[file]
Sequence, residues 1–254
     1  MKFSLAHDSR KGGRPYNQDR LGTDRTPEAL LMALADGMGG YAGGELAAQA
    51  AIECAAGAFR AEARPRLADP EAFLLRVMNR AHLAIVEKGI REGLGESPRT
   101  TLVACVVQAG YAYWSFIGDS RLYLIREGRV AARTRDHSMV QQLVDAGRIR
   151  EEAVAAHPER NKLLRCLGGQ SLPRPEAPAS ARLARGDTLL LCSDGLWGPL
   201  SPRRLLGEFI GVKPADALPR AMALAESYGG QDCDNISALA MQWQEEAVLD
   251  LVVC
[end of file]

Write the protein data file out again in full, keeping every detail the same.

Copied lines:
Sequence, residues 1–254
     1  MKFSLAHDSR KGGRPYNQDR LGTDRTPEAL LMALADGMGG YAGGELAAQA
    51  AIECAAGAFR AEARPRLADP EAFLLRVMNR AHLAIVEKGI REGLGESPRT
   101  TLVACVVQAG YAYWSFIGDS RLYLIREGRV AARTRDHSMV QQLVDAGRIR
   151  EEAVAAHPER NKLLRCLGGQ SLPRPEAPAS ARLARGDTLL LCSDGLWGPL
   201  SPRRLLGEFI GVKPADALPR AMALAESYGG QDCDNISALA MQWQEEAVLD
   251  LVVC